A Tale of Two Subspecies: Genetics studies of South African honey bees
There are two factors that play an integral role in distinguishing between populations within a species.
First, an organism’s geography restricts its ability to disperse. Individuals in adjacent populations migrate between one another at a higher rate than do individuals in more isolated populations. This leads to high gene flow between geographically close populations; the result of this is two groups that are difficult to genetically differentiate. In most ecosystems, the magnitude of differentiation increases with geographic distance.
Second, ecological and environmental differences can possibly cause genetic differences between populations within a species. In such environmentally heterogeneous conditions, interspecific differentiation (the difference between organisms of separate species) may increase with either geographic distance or ecological change. Questions arise then on whether ecological parameters like habitat type and climate play substantial roles in the formation of distinct populations or if populations differentiate due to geographic isolation.
Check out this video for a visual representation of these concepts!
Honey bees as model organisms
In order to understand which factor(s) cause genetic differences among a species, we first need to find a model organism having similar conditions in nature. Cue the honey bee: The honey bee (Arthropoda, Insecta, Hymenoptera) is a social eukaryotic animal which has 10 species and 26 subspecies distributed across the world, reaching all continents except Antarctica.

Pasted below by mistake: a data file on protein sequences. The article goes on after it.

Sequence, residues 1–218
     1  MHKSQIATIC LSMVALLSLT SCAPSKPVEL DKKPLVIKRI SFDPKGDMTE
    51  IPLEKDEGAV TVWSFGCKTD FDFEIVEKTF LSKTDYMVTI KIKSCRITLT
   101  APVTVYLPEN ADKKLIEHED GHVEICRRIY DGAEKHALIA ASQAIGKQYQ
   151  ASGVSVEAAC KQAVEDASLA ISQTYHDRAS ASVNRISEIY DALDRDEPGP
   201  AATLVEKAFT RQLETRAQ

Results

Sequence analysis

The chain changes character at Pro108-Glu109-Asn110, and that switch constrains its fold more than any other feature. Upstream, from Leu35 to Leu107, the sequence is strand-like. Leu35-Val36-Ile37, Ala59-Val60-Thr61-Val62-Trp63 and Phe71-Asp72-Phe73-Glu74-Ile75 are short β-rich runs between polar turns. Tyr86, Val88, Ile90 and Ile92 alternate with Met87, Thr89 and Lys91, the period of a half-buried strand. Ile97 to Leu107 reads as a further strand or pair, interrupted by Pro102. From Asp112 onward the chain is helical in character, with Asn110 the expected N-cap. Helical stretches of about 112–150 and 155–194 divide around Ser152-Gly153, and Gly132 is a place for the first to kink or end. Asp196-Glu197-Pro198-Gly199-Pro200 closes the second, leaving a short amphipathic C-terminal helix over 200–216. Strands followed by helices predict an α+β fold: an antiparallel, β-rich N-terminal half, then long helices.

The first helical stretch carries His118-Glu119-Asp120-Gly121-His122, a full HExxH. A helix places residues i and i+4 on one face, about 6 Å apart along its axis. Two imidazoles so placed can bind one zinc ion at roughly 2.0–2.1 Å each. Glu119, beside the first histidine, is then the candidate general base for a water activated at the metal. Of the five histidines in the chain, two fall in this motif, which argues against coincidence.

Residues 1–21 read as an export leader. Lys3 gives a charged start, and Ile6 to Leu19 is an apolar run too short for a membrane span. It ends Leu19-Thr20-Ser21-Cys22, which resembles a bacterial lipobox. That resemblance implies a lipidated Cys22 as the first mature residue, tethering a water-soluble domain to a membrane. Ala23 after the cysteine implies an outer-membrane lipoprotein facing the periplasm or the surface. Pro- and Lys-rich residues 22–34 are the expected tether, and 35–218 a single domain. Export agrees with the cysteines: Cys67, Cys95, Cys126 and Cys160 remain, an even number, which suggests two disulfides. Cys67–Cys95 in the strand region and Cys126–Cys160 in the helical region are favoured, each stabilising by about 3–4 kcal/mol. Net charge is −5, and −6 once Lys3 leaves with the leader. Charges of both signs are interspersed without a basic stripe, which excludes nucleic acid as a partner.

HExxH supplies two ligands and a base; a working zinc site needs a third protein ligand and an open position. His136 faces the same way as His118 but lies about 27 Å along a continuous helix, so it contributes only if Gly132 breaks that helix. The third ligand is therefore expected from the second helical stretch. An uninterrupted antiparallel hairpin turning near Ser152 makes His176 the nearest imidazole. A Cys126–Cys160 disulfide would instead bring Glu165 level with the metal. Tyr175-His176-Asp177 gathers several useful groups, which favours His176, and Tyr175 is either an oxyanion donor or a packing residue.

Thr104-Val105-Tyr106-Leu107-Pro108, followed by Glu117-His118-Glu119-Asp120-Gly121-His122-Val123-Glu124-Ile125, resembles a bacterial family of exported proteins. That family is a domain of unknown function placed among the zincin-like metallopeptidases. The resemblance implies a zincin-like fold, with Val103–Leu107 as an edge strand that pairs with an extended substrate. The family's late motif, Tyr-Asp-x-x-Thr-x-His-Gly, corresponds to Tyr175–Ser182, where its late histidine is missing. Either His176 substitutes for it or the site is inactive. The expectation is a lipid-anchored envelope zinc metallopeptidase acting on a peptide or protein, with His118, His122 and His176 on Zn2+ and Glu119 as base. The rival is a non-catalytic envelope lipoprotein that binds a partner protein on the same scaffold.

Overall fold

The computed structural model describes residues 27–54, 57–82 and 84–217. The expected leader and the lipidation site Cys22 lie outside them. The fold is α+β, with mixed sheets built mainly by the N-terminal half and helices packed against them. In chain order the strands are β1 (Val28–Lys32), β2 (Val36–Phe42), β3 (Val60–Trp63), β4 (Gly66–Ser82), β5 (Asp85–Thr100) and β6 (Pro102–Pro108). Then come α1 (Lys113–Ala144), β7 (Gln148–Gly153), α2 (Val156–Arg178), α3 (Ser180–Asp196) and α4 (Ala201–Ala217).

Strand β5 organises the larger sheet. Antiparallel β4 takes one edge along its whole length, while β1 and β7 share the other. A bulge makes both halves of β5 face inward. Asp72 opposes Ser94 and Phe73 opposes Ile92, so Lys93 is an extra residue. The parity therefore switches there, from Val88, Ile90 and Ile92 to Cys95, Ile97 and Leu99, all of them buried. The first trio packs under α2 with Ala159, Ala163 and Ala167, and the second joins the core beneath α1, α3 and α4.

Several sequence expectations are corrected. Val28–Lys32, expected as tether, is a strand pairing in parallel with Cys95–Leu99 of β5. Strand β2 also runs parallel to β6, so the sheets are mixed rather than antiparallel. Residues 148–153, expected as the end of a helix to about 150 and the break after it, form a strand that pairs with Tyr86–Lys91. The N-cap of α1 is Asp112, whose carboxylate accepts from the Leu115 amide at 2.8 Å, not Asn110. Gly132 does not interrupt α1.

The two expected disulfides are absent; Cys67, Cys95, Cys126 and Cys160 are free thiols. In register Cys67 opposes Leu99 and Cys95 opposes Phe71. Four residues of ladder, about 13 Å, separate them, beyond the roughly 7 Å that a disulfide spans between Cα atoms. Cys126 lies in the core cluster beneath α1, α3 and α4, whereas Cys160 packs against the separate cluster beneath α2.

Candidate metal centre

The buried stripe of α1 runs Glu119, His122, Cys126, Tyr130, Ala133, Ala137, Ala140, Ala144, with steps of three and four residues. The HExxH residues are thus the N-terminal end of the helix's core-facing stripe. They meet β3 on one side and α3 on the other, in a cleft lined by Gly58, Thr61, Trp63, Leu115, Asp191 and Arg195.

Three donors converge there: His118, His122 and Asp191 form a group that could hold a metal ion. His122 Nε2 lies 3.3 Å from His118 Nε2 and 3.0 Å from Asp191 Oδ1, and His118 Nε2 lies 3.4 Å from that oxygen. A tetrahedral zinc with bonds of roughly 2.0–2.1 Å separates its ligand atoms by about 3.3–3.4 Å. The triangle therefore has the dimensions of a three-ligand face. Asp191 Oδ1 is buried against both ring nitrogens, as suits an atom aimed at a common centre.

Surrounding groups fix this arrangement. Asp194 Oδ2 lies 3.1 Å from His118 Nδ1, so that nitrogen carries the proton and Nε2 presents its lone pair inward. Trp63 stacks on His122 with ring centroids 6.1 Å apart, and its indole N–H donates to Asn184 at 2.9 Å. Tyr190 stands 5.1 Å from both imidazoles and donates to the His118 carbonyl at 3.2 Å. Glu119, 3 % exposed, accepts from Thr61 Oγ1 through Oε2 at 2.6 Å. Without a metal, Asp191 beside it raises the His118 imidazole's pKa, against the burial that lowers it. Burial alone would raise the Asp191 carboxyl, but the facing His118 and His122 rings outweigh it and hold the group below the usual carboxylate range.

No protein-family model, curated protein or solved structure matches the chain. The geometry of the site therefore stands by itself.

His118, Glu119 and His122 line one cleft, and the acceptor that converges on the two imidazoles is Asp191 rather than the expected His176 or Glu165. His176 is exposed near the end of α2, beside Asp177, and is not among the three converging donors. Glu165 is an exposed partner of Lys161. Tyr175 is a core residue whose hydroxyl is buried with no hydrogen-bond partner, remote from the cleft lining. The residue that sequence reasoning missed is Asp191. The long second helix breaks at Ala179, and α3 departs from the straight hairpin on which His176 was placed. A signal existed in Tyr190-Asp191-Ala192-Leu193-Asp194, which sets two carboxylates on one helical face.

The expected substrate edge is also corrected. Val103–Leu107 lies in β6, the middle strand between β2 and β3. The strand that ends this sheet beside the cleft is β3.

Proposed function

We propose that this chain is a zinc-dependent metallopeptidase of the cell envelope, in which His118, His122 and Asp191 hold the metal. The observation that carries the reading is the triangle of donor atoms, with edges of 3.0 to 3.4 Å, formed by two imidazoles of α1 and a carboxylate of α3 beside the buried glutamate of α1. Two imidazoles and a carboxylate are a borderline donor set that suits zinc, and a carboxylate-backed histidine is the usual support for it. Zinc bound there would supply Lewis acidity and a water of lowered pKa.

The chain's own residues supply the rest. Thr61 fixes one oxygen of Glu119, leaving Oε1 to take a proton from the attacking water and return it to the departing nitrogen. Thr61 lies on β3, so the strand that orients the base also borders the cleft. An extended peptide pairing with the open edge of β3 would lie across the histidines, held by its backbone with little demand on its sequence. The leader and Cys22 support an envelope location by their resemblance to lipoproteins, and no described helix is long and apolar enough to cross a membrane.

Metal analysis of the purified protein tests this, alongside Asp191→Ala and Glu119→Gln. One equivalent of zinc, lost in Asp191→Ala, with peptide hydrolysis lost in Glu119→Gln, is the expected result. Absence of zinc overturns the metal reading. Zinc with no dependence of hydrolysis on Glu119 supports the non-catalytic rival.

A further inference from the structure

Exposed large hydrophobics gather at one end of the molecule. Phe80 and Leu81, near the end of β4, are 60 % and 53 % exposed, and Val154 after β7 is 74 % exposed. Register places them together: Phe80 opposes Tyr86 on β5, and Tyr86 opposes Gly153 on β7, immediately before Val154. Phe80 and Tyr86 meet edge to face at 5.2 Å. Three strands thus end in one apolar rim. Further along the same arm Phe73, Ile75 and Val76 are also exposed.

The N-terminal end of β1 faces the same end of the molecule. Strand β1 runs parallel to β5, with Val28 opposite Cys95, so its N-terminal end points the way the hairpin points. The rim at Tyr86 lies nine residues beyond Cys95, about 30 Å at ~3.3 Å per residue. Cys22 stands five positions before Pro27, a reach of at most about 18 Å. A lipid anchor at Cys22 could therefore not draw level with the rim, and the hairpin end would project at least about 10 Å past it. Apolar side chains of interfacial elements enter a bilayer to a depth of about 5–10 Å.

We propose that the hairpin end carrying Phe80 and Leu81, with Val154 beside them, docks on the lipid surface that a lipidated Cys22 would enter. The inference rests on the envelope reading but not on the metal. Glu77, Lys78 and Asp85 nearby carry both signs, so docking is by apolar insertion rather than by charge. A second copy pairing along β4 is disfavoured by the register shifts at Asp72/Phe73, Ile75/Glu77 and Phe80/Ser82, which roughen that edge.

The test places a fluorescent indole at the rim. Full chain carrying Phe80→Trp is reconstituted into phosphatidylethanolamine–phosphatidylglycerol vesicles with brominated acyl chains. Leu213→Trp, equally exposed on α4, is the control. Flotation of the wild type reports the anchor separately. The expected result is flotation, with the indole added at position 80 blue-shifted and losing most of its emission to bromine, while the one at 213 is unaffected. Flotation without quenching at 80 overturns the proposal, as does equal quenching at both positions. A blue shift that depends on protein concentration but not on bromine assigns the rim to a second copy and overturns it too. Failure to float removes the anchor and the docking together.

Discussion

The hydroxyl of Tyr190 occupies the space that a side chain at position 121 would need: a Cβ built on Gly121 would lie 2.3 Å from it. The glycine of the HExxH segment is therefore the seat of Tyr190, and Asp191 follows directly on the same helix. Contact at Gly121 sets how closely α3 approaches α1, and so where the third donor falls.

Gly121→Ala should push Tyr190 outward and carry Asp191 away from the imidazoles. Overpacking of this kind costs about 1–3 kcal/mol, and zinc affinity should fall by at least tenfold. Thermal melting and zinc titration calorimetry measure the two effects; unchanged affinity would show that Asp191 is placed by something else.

This cosmopolitan animal has adapted to many diverse ecotypes and already the complete genome of the European honey bee species Apis mellifera L. has been sequenced, meaning that we know what sequence of nucleotides makes up the entire DNA of the European honey bee. For these reasons, the honey bee has more recently been used as a model organism in population genetics studies.
Several honey bee subspecies (races) inhabiting South Africa are recognized as invasive races and have posed threats on African and U.S. beekeeping industries and agricultural agencies. In tropical Africa, there is significant geographical variability within honey bee races in spite of a lack of physical barriers (mountain ranges, large bodies of water, etc.). It is believed that the adaptation of honey bee races to a particular habitat is the basic mechanism of their genetic differentiation within a species. Now, several questions have arisen on how we can distinguish African honey bee races from one another. Do they have distinct genetic traits or do all races belong to the single population? What multidisciplinary approaches can we apply to identify these races? What is the magnitude of intra/interspecific genetic diversity and population structure? To get at these questions we first needed to collect a huge number of honey bees from South African colonies. With these specimens, we conducted an integrated investigation using genomic techniques at the Honey Bee Research and Extension Laboratory (HBREL), University of Florida.